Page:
Feldman pointed to a specific device that was transformative for human rights: the 1500s invention of the printing press.
“The idea of free speech . . . could not have been imagined in an era before the printing press, because most people didn’t think that ordinary people had anything worth saying,” Feldman said. “It wasn’t written down. It wasn’t transferred.”
The printing press permitted the free flow of ideas in a public space, opening a forum for religious expression, new political beliefs, normalized language and nationalism. These developments in free expression prompted times of conflict and uncertainty, which is the exact sentiment Feldman wanted to make in regards to the political and social weight of social media.
“I’m going to lay out some scary things that tend to be the consequences of new social media technologies,” Feldman said. “I don’t want to downplay their scariness any more than I would have wanted to downplay the scariness of the printing press if we were all standing here on July 14, 1522.”
Feldman pointed out two “frightening” facets of social media that are encroaching on human rights, the first being the social aspect.
Unlike with the printing press, views can be amplified through a technological hub for thousands of people to read, whereas print communication is built for, and prioritizes, one-way communication. As people communicate their beliefs online, an algorithm learns their preferences and builds a feed specifically tailored to them. This algorithm is the danger, stifling certain viewpoints and limiting full access to information.
“When we get this information, we are not having the experience that we’re accustomed to having, of many different views being out there in the world and we have to pick and choose what to believe,” Feldman said. “Instead, we’re getting a curated feed. We’re getting a message that no individual human being, but rather the algorithm, thinks will get us going, and we are much more likely to believe what we hear in this way than we would be if we were just receiving it by the usual channels of information.”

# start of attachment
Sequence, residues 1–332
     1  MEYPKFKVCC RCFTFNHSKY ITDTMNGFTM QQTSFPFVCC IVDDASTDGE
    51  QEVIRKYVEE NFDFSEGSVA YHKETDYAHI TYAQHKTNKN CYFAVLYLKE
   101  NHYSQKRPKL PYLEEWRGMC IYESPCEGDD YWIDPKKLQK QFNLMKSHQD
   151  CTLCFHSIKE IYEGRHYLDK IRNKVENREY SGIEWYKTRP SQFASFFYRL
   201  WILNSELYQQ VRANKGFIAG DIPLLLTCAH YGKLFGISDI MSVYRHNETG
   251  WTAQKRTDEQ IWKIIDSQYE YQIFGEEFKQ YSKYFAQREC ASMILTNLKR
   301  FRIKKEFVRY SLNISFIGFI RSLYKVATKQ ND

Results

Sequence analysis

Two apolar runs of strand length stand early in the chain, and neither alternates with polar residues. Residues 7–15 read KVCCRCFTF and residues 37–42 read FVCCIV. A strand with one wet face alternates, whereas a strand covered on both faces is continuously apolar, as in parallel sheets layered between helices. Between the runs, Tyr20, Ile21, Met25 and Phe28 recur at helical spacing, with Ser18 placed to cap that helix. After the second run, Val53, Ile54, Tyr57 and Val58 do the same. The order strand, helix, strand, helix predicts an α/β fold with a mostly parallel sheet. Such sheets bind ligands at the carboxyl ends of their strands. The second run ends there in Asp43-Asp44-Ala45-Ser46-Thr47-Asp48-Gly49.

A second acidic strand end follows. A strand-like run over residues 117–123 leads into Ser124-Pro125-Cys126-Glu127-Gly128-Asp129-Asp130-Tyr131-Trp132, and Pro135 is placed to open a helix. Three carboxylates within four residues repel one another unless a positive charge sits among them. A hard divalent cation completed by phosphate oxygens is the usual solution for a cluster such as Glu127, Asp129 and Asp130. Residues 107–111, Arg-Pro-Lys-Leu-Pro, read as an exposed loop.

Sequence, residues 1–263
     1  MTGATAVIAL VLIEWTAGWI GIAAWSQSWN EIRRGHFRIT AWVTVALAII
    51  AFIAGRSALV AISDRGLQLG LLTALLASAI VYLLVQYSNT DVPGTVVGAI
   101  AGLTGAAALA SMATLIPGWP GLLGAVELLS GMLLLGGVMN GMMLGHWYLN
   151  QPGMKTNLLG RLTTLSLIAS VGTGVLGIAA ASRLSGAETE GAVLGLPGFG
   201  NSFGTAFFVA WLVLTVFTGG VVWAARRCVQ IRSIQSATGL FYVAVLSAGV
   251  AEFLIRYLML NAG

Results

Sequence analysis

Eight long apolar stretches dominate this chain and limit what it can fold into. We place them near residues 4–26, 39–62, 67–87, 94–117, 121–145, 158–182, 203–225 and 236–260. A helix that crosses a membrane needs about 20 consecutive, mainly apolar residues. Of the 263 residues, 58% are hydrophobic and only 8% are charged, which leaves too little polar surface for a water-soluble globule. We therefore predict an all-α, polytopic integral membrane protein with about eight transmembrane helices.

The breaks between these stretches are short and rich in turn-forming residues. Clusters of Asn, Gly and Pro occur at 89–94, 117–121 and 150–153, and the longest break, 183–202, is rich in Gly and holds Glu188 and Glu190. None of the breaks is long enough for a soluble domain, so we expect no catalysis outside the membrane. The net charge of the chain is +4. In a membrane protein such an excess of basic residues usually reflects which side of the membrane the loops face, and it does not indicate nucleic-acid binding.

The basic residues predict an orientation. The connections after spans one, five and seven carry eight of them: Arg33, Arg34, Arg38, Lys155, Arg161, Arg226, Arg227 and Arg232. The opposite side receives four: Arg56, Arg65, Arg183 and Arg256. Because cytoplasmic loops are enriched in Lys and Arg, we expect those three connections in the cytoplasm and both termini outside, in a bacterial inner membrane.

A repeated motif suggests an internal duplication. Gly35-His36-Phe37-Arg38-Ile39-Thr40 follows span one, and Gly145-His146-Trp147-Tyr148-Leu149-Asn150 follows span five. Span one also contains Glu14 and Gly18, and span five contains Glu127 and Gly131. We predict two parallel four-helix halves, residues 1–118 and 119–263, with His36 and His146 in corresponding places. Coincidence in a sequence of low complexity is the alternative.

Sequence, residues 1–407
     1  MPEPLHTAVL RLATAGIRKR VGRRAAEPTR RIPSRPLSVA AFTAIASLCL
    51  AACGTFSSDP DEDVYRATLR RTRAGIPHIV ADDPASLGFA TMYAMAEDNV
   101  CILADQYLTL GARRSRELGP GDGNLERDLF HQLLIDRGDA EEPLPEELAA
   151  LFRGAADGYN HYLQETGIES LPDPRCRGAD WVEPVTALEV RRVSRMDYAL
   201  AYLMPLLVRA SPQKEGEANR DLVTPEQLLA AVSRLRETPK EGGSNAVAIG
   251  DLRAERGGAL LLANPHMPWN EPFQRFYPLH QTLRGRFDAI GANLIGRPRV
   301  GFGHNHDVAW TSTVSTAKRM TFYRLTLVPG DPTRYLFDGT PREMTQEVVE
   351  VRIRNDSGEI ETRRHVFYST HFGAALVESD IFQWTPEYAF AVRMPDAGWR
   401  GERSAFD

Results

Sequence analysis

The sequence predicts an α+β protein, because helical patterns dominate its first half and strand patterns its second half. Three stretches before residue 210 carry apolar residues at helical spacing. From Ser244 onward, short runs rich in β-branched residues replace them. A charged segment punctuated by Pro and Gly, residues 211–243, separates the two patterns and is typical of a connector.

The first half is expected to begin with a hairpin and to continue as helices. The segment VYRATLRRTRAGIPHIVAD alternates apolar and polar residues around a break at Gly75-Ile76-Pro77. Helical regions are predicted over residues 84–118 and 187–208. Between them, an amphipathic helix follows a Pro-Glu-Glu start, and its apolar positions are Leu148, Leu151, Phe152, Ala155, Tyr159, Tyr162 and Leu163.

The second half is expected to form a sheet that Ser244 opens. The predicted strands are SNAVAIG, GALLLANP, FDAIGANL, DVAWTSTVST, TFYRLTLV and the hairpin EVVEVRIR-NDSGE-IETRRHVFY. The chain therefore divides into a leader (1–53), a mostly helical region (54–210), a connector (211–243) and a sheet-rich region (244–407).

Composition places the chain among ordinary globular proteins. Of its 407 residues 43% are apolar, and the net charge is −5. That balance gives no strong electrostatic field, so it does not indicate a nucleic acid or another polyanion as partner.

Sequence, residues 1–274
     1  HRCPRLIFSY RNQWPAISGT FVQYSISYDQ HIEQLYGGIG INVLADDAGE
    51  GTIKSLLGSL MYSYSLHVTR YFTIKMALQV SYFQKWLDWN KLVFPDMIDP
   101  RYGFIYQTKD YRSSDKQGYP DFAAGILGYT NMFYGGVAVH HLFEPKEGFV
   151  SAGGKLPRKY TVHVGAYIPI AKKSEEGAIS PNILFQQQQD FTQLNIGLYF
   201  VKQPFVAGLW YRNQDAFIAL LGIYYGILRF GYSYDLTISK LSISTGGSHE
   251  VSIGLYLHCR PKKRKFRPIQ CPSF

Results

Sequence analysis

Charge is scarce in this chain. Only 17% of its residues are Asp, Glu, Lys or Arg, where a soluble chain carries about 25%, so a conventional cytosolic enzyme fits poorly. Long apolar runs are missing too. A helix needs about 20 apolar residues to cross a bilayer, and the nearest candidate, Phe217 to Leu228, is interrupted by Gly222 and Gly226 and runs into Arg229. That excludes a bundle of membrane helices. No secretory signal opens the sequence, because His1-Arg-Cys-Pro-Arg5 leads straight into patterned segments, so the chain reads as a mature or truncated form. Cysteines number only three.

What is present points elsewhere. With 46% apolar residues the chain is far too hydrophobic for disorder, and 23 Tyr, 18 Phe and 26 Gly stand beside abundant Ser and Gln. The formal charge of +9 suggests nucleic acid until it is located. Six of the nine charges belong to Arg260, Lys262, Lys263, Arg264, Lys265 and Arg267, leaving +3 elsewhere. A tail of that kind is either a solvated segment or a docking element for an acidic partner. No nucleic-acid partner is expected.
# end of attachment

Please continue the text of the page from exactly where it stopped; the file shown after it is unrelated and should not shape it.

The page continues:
Virality and algorithms are lowering general skepticism about information, and are thus leading to more misinformation that people are believing at face value.
“Our skepticism about the information that is shared with us is much lower than it would be if we woke up, went out into the world, turned on the television, or looked at the morning newspaper and saw a range of views,” Feldman said. “That is the feature of the virality that leads to rapid belief. If the thing (that) spreads is false, our usual mechanisms for sorting it out are reduced.”
The second facet of social media that is cause for concern, according to Feldman, is that outlets are privately owned by singular companies. “Big players” in these private organizations can pick and choose the views they want to be promoted on these platforms, narrowing the information users have access to.
“It was this fear that, in the first few years of the rise of social media, perhaps a decade ago, as people began to realize this was happening, led many liberals and progressives to be very concerned that social media would not pay sufficient attention to the value of free speech,” Feldman said.